I was shocked: when I entered her bedroom, Mom was already in the space between needing a wheelchair and being bedridden. She said, “Hi, T-Boo,” and I said, “Hi, Moo-Moo,” because she was my mother and loved me despite everything, and I was her son and loved her despite everything as well. Then she averted her eyes out of shame that she believed in Error; just exactlywhat she’d warned me against. Was she now the hypocrite and not I? Was this the consequence, her illness twisted into a metaphor? I knelt next to her rented hospital bed and reassured her with the same words she’d given to me over the past twenty years. In my mind, this was just another one of those things that we’d get through, like chickenpox or ringworm, and we began marathon prayer sessions. Actually, we prayed every waking moment, and I didn’t even go out on runs through the mesa or up the mountain. That sounds selfish, considering that my mother melted between stale sheets, but at the time, it was a big deal for me to take even a single day off from training. So we waited with strained patience for the certain healing. All Mom had to do was realize that she was created in God’s perfect image—and have enough faith—and then she’d manifest a perfect body. Healing could be spontaneous or gradual, who’s to judge? Still, what was she waiting for? I wondered. Why the need for all the suffering until she eventually got well? She’d concluded that it was a test for her, and I’d concluded that it was a test for me. Examples of nonmiraculous (i.e., scientific) spiritual healings were in the Christian Science literature scattered about our house, and testimonials came off the tongues of church members every Wednesday evening where we venerated God and Jesus Christ and held Mary Baker Eddy unctuously.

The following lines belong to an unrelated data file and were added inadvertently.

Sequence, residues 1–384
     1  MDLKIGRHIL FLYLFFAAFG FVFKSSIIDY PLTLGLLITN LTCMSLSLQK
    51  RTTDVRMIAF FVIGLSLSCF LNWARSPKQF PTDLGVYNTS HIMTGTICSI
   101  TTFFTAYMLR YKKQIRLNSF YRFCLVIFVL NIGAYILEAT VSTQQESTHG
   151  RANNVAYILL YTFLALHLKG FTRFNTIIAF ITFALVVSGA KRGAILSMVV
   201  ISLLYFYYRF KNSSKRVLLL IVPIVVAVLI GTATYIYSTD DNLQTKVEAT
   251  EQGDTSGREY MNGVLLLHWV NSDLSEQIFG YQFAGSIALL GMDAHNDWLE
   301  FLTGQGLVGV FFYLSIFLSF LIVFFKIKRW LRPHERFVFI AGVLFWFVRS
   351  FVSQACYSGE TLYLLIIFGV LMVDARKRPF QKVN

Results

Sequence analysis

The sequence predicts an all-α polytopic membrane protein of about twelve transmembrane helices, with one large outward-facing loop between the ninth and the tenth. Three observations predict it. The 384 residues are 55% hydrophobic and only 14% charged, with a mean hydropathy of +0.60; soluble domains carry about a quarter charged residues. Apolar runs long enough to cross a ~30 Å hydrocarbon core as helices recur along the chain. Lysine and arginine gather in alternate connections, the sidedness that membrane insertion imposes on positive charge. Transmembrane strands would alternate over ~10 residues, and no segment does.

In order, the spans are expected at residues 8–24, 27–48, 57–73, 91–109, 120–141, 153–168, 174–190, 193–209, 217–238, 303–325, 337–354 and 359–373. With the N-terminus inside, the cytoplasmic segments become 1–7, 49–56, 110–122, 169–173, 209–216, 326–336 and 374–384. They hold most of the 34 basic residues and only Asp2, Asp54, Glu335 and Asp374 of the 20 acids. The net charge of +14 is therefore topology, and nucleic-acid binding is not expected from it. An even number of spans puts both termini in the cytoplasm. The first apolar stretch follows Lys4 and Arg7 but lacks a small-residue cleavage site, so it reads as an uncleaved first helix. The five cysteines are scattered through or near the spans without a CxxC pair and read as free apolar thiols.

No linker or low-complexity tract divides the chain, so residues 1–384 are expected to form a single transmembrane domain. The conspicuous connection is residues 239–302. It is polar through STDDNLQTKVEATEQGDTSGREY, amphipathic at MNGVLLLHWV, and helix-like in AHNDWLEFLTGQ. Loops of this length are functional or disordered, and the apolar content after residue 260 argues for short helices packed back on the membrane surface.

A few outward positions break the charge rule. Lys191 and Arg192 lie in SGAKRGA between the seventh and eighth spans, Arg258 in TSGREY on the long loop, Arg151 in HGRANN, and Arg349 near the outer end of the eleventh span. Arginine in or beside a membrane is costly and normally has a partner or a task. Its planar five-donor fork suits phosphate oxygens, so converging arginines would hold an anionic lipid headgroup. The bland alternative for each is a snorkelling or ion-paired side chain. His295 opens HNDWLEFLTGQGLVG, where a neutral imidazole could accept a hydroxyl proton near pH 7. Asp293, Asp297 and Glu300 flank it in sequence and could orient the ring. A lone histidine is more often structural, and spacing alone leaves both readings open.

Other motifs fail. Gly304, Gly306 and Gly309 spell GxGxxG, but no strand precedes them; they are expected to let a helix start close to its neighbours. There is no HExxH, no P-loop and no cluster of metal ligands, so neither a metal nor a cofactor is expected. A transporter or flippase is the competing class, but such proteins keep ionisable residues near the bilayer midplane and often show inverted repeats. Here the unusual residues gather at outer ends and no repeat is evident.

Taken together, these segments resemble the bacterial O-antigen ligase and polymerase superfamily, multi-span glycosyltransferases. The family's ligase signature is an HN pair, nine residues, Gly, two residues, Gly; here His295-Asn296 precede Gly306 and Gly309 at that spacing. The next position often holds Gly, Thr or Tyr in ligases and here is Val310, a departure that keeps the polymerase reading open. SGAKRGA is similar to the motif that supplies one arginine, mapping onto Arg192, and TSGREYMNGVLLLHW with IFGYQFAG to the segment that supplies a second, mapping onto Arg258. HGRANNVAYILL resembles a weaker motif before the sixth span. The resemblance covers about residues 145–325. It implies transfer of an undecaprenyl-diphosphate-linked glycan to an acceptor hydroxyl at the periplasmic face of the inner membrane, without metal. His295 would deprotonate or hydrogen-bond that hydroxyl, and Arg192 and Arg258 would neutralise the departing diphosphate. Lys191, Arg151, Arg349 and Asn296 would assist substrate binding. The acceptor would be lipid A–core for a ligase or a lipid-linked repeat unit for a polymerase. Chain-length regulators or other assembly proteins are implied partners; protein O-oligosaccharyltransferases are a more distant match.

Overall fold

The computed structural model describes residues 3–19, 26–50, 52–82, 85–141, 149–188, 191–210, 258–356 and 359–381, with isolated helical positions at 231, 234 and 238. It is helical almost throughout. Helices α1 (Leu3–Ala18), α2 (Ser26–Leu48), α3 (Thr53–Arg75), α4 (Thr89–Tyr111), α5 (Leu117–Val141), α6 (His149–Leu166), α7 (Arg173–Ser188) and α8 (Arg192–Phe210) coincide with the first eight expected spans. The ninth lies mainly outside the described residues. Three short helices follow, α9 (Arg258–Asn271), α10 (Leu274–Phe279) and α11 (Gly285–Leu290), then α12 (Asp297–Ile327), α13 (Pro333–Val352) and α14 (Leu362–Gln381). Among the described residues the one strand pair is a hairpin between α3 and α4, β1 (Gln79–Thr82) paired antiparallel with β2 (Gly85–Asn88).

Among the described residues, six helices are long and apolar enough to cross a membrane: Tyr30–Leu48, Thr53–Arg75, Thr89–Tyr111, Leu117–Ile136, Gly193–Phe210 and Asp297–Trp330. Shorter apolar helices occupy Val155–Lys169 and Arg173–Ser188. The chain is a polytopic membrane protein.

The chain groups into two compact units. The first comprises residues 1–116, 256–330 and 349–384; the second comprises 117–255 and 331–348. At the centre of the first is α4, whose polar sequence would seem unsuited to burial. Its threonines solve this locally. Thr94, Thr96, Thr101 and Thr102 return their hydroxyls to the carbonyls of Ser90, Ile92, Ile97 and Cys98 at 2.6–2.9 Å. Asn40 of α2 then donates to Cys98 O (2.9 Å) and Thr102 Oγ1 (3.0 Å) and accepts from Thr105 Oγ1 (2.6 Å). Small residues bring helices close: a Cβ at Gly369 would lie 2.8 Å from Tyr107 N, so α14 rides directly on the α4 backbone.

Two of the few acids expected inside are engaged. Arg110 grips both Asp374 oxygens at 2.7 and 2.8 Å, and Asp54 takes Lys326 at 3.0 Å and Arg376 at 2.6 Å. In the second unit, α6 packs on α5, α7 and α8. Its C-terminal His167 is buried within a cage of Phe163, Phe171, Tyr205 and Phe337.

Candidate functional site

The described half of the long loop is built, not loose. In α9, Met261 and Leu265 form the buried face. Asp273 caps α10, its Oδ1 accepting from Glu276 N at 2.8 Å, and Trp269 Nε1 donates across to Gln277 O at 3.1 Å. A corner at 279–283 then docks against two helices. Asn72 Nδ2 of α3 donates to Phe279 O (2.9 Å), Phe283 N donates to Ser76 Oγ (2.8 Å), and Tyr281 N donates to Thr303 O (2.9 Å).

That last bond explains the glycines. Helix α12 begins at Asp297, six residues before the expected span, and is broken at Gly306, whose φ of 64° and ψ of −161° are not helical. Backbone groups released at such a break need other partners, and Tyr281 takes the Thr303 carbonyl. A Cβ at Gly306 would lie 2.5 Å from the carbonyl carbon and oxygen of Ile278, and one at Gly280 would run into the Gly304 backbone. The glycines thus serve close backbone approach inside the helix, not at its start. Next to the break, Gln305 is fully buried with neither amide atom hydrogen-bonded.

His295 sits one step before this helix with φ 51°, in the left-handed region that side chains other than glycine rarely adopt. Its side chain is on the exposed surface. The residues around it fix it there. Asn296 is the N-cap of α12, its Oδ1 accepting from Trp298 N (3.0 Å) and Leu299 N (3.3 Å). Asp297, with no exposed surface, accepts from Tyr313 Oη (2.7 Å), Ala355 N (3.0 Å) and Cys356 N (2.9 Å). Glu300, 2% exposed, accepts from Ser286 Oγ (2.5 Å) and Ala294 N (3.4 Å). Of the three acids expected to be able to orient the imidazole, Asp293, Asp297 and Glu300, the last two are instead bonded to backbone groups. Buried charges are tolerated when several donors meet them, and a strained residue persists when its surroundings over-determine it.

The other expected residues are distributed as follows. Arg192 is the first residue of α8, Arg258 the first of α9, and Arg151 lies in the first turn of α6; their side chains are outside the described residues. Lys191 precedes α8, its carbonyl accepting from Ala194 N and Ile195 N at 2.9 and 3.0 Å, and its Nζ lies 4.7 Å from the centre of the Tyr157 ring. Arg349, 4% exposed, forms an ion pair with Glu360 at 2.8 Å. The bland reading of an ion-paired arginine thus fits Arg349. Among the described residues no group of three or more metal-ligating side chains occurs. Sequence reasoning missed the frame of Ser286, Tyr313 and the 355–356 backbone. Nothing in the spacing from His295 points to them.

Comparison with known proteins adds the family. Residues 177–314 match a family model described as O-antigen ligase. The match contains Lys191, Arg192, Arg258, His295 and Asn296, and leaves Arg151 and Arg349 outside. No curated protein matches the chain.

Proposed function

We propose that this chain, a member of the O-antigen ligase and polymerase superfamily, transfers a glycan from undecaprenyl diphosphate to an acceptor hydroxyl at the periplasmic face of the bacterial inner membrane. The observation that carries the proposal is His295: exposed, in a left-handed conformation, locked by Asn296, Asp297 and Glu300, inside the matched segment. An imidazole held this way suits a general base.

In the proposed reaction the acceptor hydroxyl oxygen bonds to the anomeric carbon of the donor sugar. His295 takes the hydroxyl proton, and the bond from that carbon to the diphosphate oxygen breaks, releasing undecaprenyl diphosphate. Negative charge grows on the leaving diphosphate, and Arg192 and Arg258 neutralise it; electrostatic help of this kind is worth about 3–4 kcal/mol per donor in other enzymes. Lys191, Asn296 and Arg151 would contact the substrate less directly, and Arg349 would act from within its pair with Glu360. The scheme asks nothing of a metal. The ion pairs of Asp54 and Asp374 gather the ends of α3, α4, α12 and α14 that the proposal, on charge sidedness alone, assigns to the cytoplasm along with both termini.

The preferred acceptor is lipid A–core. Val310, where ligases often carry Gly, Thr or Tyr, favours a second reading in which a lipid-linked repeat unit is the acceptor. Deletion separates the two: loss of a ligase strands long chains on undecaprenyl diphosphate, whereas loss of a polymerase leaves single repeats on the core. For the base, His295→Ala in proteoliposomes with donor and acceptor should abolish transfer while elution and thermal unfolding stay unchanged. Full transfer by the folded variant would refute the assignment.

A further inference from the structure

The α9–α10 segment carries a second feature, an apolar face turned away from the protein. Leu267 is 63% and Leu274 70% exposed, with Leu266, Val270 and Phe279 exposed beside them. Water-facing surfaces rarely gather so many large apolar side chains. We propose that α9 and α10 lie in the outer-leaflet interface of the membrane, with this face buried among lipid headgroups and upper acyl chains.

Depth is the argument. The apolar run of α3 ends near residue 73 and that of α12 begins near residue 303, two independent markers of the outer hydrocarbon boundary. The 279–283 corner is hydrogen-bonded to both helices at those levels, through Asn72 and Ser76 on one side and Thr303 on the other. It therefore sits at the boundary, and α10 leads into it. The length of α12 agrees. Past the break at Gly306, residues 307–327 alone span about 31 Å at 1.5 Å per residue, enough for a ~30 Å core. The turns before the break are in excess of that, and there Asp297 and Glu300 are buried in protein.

I drank the Kool-Aid and so was confident in my religion. But, of course, nobody close to me had yet died. It was not part of my belief system that death could visit a Christian Science family member unless he or she was very old. After all, even Mrs. Eddy eventually died at eighty-nine years old. Mom was only forty-one, plus I figured my personal failings were irrelevant to her expected healing. The Truth healed and was all that mattered. I could still facilitate my mother’s understanding of the Truth, or even have a single moment of clarity, regardless of my foibles and hypocrisy. It was as predictable and replicable as gravity. Gravity always worked, even if I was a chameleon. You should’ve seen me: I played a white chameleon, with faith and purity, as I knelt by my mother’s bedside. The good son on his mother’s bus. Please don’t conclude that my history to this point meant that I faked it. The truth is that I truly believed, and I truly tried to save my mother through prayer alone.